Battle royale games are gaining some serious momentum these days. The first one to gain prominence was H1Z1, which has since garnered tons of notoriety for its questionable netcode and sloshy hit detection (as well as some shady business practices). However, The Culling was the first game within the rapidly emerging genre to be built from the ground as purely a battle royale experience. Unfortunately, The Culling’s developers didn’t listen to their player base’s feedback and it has since flat-lined.
Of course PUBG took the battle royale world by storm last year but has since gone through quite a backlash because of rampant, unabated and unchecked cheating by hackers. Fortnite also blew up overnight (no pun intended), but its super-cartoony aesthetics made it feel as though you’re playing it in some sort of a cramped Tellatubby world. Franky, it seems more suited more towards ADD-afflicted 12 year olds.
Meanwhile, a newer game which debuted in January of 2018, titled SOS, seemed to more fully embrace the audience-watching aspect within the battle royale genre. It featured melee focused combat similar to The Culling and added in real live audiences. Unfortunately, however, it didn’t have any sort of crafting system and seemed a little too focused on catering to streamers.
Scavengers Studio’s new game, Darwin Project, also seems rather preoccupied with viewing audiences and the whole streamer crowd. Hearing about that aspect made me initially hesitant to try the game out. I’m not a big fan of screeching and squealing Twitch and YouTube types who have goofy-faced thumbnails on all of their video content. There’s nothing quite as pathetic as watching supposedly full-grown males hyperventilating and squeaking like prepubescent school girls. I’m also not a fan of watching odd looking females with unnaturally colored hair. But I digress…
Darwin Project has cartoonish graphics that are similar to Fortnite, which I’m honestly not a big fan of. However, it does some things right that could spell success for its future. For one thing, I like that the game focuses more on cleverly laying traps for your foes instead of just straight up ranged or melee combat.
It also doesn’t pander to all of the gun-centric gamers out there by dropping tons of AK-47’s and M4’s all over the map. In this game, you start off with a simple bow and a melee weapon. Adding to the fun is the fact that you can craft items as well, just like in H1Z1 or The Culling. However, unlike those games, in the Darwin Project, the very environment can kill you as well. That’s because the “show” takes place in the frigid Canadian wilderness. Fortunately, you can chop wood and craft campfires to warm yourself if things start to become a little too frosty.
You do have to be careful when starting fires as well as disturbing anything else wherever you go, because you could end up potentially being detected by other players. This ratchets up the tension within each game because a lot of it comes down to laying traps for your enemies and waiting patiently until someone falls into your ambush zones. But then you have the game’s game speed which flies in the face of all of that, but I’ll touch on that later…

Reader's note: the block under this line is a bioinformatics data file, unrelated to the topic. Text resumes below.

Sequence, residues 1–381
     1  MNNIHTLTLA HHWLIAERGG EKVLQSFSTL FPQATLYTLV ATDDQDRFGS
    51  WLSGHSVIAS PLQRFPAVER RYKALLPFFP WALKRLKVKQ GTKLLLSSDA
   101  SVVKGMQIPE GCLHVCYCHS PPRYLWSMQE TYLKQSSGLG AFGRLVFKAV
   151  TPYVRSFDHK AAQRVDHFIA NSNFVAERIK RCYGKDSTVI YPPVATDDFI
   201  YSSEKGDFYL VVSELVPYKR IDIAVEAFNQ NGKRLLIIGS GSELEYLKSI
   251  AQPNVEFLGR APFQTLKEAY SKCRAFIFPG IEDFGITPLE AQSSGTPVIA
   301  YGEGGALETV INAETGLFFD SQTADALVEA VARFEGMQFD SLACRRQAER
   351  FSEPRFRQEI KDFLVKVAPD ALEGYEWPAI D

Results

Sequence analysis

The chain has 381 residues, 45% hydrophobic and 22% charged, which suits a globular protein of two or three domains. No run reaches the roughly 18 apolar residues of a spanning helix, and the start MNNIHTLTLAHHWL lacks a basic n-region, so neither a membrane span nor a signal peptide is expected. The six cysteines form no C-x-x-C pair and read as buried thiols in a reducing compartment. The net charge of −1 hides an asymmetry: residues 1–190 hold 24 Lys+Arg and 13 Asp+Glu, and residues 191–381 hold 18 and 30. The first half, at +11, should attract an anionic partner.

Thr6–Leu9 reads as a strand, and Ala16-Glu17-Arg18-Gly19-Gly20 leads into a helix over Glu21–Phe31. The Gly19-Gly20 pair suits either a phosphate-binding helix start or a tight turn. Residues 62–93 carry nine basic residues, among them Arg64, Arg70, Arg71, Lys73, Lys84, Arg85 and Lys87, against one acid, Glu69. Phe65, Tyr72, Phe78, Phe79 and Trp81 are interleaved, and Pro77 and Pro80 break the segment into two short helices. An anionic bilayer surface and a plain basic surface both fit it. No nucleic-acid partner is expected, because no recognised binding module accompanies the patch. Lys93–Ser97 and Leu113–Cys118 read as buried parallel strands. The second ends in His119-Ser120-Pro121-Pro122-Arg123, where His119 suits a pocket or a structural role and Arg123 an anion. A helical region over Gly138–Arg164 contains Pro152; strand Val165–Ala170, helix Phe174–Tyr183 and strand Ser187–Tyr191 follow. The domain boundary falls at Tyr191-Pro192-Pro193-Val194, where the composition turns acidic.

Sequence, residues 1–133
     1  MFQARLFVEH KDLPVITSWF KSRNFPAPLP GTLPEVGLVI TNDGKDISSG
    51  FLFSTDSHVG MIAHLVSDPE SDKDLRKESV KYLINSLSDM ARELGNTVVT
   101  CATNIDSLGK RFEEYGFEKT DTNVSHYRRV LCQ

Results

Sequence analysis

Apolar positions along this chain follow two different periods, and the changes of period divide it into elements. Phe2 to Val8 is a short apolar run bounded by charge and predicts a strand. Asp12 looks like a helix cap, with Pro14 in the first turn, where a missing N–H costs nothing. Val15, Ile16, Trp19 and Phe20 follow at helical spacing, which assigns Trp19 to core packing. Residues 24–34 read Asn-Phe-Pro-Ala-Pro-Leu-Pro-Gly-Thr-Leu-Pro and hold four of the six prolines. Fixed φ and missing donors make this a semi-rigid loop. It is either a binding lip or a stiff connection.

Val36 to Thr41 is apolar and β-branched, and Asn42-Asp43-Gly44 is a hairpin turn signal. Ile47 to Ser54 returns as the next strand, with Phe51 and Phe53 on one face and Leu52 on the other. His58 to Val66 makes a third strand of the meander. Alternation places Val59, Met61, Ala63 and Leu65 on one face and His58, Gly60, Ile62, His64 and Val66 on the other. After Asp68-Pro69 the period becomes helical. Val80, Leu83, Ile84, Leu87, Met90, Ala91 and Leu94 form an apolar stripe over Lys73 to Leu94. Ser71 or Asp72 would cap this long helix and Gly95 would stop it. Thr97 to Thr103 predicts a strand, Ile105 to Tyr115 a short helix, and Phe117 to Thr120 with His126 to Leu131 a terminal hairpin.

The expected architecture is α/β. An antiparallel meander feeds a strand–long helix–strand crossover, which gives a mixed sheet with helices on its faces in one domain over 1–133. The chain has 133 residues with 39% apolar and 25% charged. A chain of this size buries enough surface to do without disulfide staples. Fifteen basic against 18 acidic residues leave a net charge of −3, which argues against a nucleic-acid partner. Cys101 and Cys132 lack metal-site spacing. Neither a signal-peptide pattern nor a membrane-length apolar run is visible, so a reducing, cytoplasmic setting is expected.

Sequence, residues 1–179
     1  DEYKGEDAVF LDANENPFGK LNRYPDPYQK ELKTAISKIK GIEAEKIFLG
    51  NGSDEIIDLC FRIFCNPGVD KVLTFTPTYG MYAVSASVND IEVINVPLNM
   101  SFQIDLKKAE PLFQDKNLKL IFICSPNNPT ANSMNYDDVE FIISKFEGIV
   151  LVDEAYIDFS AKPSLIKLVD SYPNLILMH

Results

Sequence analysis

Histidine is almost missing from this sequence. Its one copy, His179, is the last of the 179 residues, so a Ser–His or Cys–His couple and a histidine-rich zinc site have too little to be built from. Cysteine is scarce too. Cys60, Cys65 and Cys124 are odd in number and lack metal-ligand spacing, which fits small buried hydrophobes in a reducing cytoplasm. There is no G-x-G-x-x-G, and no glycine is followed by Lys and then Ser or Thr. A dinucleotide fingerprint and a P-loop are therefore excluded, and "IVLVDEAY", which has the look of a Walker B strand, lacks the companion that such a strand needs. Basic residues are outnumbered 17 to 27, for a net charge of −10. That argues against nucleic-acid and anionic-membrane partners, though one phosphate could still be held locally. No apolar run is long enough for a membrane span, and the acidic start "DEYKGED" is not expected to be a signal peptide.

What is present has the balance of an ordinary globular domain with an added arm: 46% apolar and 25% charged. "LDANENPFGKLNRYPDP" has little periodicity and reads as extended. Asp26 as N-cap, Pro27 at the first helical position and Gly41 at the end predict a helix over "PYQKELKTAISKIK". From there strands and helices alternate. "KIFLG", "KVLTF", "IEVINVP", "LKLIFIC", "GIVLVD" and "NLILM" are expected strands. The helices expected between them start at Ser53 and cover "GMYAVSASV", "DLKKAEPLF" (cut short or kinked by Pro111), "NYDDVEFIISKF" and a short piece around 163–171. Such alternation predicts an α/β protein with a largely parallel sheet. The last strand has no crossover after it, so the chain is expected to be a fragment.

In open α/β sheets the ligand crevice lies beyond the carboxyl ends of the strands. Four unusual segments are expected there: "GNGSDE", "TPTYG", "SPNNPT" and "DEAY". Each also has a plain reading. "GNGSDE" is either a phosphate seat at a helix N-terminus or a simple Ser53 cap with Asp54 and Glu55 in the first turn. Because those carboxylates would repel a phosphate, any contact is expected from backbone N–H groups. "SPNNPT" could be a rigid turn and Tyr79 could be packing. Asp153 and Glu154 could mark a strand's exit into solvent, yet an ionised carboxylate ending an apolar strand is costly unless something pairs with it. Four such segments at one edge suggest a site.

Something unique to the Darwin Project is that there’s one player on hand who serves as each match’s Director. This fun role has the person skimming around the frosty air and watching everything from on high through a perky (or pesky as the case may be) drone. The Director role allows that player to follow each of the contestants at the touch of a button or two, and either hinder or help whoever they want to.
For instance, during one of my games as a Director I noticed that one particular player was having a hard time, so I helped him out a little. I did this by granting him temporary invincibility as well as the ability to leap through the air like The Incredible Hulk. The audiences who are watching each match can also indicate who they favor and who they dislike, which is a nice, interactive touch.
One factor that I wasn’t too pleased about was Darwin Project’s game speed. It seemed way too fast for a battle royale experience that seems to predicate itself on laying ambushes and outlasting other, more hyperactive contestants. Slowing down the movement speed would make the game more purposeful and build up tension as each match progressed, instead of feeling like you’re floating around on turbo-boosted rollerblades.
The Darwin Project is an interesting game that holds promise, but I think it is geared towards the younger crowd of gamers because of its cartoonish visuals and very fast pacing. It seems like it could be a great entry-level title to show people the basics of the battle royale experience. However, those seeking a deeper and more visceral experience may tire of it and look elsewhere.
Darwin Project features outstanding graphics that make its battle royale gameplay truly shine. However, you want to have a pretty beefy gaming PC or gaming laptop in order to play it at a decent framerate. So, you may just want to invest in a decent gaming rig:
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